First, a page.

The deejay is fading out. Jonathan tunes his rhythm guitar; Stephen is on lead. There are no microphones, nothing to stand behind, and the crowd pushes forward as they start to play. Backed against the wall, Jonathan and Stephen can’t sense what is about to happen.


The Breton Sound entered Fudge Recording Studios on Magazine Street in spring 2011, with Jonathan turning to longtime mentor Tom Drummond (of Better Than Ezra) to produce “Eudaemonia”.
Tom got all the players deeply involved, even letting Stephen direct the bass parts. “It made me want to produce a sound,” Stephen says.


To capture that “grit and feel” in the studio, Jonathan lays down the rhythm tracks in two or three takes.
Sometime during those weeks of recording, a framed gold record of the Beach Boys’ “Pet Sounds”—music Jonathan idolizes—appears on the wall. “It was good juju,” Jonathan says. “It was a mystical guiding force.”


Lured by the music into The Factory, a strange cat makes his way to where The Breton Sound is playing. He’s tall and skinny, with floppy long limbs, dancing wildly. Then he whips out an orange and blue harmonica, and begins to punch the band’s songs with whistle blasts.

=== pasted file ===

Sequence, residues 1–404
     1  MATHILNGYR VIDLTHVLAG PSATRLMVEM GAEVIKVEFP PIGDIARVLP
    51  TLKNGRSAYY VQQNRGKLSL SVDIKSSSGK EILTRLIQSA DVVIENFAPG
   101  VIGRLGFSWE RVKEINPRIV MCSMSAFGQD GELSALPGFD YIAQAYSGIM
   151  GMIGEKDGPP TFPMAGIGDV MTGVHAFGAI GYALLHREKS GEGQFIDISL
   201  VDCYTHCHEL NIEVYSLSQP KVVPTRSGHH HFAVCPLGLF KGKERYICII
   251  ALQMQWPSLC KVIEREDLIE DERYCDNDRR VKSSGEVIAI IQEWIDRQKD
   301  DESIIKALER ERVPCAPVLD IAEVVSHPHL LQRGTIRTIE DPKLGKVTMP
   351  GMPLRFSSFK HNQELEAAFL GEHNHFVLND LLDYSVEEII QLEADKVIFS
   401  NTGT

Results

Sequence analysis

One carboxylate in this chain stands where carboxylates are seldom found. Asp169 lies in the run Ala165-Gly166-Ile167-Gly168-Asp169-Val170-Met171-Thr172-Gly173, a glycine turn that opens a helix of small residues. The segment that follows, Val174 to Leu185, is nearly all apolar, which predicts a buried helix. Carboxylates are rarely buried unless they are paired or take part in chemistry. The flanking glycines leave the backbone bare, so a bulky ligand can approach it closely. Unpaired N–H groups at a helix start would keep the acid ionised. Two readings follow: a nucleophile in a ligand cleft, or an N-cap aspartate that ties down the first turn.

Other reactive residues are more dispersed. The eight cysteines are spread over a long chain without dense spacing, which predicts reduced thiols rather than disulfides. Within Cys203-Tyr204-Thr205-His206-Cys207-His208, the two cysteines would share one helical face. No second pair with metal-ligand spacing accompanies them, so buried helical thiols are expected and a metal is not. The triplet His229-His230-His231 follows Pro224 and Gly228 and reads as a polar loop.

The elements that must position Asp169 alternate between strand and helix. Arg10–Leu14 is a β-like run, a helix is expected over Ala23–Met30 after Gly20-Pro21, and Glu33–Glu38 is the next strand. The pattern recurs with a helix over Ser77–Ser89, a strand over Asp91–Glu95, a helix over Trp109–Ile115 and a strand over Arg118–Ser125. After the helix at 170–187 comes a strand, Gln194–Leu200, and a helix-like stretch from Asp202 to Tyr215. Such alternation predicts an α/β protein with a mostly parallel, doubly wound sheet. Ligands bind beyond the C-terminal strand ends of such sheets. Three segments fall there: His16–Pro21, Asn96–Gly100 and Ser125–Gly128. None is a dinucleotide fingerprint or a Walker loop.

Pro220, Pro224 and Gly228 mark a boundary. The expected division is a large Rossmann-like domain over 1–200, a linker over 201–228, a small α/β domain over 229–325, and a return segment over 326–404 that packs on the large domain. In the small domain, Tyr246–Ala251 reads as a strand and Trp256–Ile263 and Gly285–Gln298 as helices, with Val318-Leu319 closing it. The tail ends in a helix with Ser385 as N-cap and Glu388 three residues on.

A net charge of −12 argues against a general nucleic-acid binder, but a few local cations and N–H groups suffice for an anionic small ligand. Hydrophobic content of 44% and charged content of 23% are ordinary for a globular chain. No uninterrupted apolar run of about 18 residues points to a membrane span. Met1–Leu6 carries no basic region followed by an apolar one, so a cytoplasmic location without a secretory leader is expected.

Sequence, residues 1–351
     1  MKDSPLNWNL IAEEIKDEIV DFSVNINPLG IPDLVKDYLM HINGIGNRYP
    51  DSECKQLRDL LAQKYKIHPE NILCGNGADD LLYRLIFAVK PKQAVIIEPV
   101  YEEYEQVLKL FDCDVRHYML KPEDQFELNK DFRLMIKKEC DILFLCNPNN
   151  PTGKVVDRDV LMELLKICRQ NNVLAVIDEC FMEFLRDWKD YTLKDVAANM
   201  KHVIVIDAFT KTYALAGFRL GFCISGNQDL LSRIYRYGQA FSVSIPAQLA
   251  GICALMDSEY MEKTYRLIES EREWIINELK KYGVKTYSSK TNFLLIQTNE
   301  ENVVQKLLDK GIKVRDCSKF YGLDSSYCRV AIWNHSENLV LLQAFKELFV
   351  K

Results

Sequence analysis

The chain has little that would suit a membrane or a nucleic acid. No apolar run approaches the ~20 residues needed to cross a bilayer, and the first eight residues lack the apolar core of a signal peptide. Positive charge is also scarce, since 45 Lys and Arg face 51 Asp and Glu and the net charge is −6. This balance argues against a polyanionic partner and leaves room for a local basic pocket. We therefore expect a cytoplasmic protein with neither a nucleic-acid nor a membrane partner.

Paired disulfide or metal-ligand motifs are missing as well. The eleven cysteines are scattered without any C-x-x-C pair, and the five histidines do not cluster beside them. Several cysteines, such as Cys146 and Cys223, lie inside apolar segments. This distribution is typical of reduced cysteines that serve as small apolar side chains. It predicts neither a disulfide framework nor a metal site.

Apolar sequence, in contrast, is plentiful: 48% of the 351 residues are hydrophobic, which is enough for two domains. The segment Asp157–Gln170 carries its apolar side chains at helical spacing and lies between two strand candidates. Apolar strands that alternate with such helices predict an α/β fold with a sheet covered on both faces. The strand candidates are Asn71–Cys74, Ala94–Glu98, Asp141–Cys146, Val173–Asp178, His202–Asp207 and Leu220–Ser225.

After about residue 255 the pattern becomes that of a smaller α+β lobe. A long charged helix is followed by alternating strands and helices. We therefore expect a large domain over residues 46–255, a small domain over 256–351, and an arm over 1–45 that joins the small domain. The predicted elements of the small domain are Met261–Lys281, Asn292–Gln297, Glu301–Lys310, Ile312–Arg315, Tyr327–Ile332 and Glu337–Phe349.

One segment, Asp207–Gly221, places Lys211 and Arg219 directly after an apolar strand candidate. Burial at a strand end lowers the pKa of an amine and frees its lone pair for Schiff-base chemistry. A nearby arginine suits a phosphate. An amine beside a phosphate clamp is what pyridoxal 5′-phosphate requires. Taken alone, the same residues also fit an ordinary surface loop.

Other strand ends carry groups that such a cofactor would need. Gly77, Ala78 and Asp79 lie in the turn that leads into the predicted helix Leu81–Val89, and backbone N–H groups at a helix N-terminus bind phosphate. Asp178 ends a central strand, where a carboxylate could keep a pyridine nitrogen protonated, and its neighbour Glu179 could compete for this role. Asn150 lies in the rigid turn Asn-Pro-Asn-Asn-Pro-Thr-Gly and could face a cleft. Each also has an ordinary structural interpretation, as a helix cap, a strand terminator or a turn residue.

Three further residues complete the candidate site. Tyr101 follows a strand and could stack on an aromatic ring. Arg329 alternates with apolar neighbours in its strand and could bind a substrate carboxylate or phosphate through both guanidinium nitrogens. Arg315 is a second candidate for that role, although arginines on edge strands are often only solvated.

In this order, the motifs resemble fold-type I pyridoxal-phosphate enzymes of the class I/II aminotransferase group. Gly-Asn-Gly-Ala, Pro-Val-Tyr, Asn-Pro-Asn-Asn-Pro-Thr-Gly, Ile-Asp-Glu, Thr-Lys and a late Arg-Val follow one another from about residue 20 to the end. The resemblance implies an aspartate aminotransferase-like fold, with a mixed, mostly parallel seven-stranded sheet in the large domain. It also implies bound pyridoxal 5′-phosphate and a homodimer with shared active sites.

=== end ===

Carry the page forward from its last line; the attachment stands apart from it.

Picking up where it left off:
Stephen snaps a “what now?” look at Jonathan. Truth is, they could do any number of things: Ignore the harmonica player. Stop the set. Throw him out.


Jonathan, who’s clearly in charge, does none of it. Instead, he gets the guy’s name. “Scott Tillman, everyone!” he says. At Jonathan’s invitation, Scott Tillman buzzes with them through the rest of the gig.


“There was an awkward 20-foot span between us and the audience,” says Jonathan, “and Scott Tillman moved in the middle. It broke the tension. We relaxed after that.”


With more live gigs on the way, The Breton Sound is gaining traction in this voodoo vortex of jazz, blues and rock. “It’s a great time to be a young musician in New Orleans,” says Stephen. “There’s a great sense of camaraderie among bands here.”


The Breton Sound may not sound like other homegrown bands—no horns, no piano— but they play with feeling and energy, in a city that appreciates that over high technicality. Their playing is warm and melodic, with supple chord changes and shimmery harmonies.


And in a time when American music is becoming so fragmented and niche-driven (there’s a target audience not only for metal music, but sub-genres like crust punk and funk metal), The Breton Sound stays open to keeping crossover appeal.


“We shouldn’t put a label on our sound, or on what we can do,” Jonathan says. “The best bands have no fear of boundaries.”


Rolling with the unexpected before a live audience, hardly skipping a harmonic beat, Jonathan’s professional training, honed over years on the road, has kicked in, and he shows the reflexes of a seasoned musician. He may be in a new band, but he’s hardly starting over.


The Breton Sound is Jonathan Pretus, Stephen Turner, Brian Pretus and Chris Arceneaux. Catch them live on Jan. 18, at the legendary Tipitina’s Uptown. Follow them at www.TheBretonSound.com and on Twitter and Facebook.